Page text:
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EIU urges cautious optimism on shale

Economist Intelligence Unit offers a more bearish view than the EIA on the world’s potential shale-gas resources and the chances for their development

A new report on global shale-gas development urges “cautious optimism” for investors and operators. The Economist Intelligence Unit’s (EIU) Breaking New Ground: A special report on global shale gas developments highlights some of the key difficulties that must be overcome to develop shale gas resources outside North America.

One of the initial problems to be tackled is uncertainty surrounding the estimates of potential resources. The EIU’s lead energy analyst Peter Kiernan said bullishness on global shale development was premature. “It’s still too early to define the resources. A lot of it is speculation,” he said. “Outside of the US, we don’t really know.”

Bearish view

The EIU offers a much more bearish view than the US Energy Information Administration’s (EIA) April report that claims there could be 6,622 trillion cubic feet (cf) of recoverable shale gas across 32 countries worldwide.

The report also highlights an array of environmental, financial and political obstacles to commercial shale-gas development beyond North America. The US shale-gas revolution was the result of “bold but foolish bets” made by small independent companies, the EIU said, without much consideration for the economic or environmental consequences.

US shale-gas production has risen from virtually nothing in 2000 to 4.8 trillion cf last year, according to the EIA – nearly 18% of total output. The surge in production has caused domestic natural-gas prices to plummet below $4 per million British thermal units (Btu), too low to justify the large investments needed in new projects the EIU said.

But the gas-price depression won’t last forever, as greater availability of shale-gas supplies stimulates new demand. The EIU predicts that North American gas prices will rise by over 20% in 2012 and by 8% the following year, pushing them up to around $6/million Btu by the beginning of 2013.

Beyond North America

Beyond North America, however, environmental, economic and logistical concerns will make development more difficult. Pockets of opposition to shale gas have cropped out around the globe, following concerns in the US that hydraulic fracturing (fracking) could be environmentally damaging.

Kiernan said the rest of the world will be looking to avoid environmental backlash. “The horse bolted with shale gas in the US and now other countries are assessing it [the environmental issues],” he explained. “It will have a filter-down effect on the rest of the world.”

In South Africa this is a particular problem, said Kiernan, because fracking is a water-intensive activity and most of that country’s estimated 485 trillion cf of resources lie in the semi-arid, drought-prone Karoo basin. In August, the South African government imposed a second six-month moratorium on licence awards as a result of environmental concerns.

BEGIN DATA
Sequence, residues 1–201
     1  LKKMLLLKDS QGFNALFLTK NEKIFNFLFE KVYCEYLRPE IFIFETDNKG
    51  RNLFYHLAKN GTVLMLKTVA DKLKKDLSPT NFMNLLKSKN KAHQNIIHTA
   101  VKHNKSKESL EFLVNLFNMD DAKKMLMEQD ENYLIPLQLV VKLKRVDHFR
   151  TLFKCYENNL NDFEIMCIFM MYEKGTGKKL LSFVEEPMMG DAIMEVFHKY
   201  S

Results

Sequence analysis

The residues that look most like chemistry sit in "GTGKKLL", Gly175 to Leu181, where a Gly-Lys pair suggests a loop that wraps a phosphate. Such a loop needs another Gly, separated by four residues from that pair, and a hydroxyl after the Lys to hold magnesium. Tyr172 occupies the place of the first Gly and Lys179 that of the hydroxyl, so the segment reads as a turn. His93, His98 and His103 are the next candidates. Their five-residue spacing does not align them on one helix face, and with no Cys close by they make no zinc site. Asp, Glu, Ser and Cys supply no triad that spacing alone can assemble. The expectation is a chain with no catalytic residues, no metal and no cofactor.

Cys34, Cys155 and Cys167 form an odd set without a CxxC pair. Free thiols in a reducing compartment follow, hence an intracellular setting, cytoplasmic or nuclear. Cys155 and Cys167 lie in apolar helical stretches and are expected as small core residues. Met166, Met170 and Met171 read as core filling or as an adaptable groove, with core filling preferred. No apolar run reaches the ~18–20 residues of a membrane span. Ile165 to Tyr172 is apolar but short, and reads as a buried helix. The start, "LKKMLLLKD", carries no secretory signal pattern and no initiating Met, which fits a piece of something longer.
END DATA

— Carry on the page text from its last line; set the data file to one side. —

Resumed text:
This has left hopeful developers, such as Shell, waiting until next year to learn whether they can begin exploration, without which, said Kiernan, it’s impossible to determine how extensive South Africa’s shale-gas reserves are. Consequently, it’s impossible to predict demand for local water supplies.

However, Shell, alongside a handful of other companies, holds a technical co-operation permit that allows it to carry out seismic studies in the Karoo. “But even if the ban is lifted and exploration is allowed, local opposition to fracking will continue to smoulder, making life difficult for operators,” Kiernan said.

There is also the issue of the Square Kilometre Array (SKA) telescope project, which South Africa hopes to host. It is competing with Australia to become the home of equipment that could make the country an international hub for astronomy.

But South Africa’s Department for Science and Technology has raised concerns that communications systems used by shale-gas fracking equipment in the Karoo basin could affect SKA, a high-powered telescope that will use radio waves instead of light waves to see into space.

A lack of expertise

The report added there are many other countries with huge potential for shale-gas production, but politics, pricing mechanisms and a lack of technical knowledge are slowing development. China could eventually produce “more shale gas than any other country”, the EIU said, and the government is pushing for commercial extraction to begin as soon as possible to meet growing domestic energy demand.

The EIA reckons China could have the largest recoverable shale-gas resources in the world, estimated at 1,275 trillion cf. In June, the country held its first shale-gas licensing round, under which several exploration blocks were awarded to domestic companies. A second auction is planned by the end of the year.

But international operators will find it almost impossible to break into the Chinese market without teaming up with the few select domestic companies approved by the government. And China will need foreign technical expertise to get production up and running. Even with international help, it will take until 2015 for China to master the technology, the EIU said, claiming “significant production” is unlikely until at least the second half of the decade.

There are also issues with China’s gas-pricing system, which the EIU described as “a mess”, with different mechanisms for setting prices for domestic onshore and offshore production, and imports in the form of liquefied natural gas and by pipeline.

Here, China is not alone. India and Argentina, both with potentially large-shale gas resources, also have problems with gas-pricing structures. Government subsidies have kept domestic gas prices artificially low, discouraging much-needed energy-sector investment.

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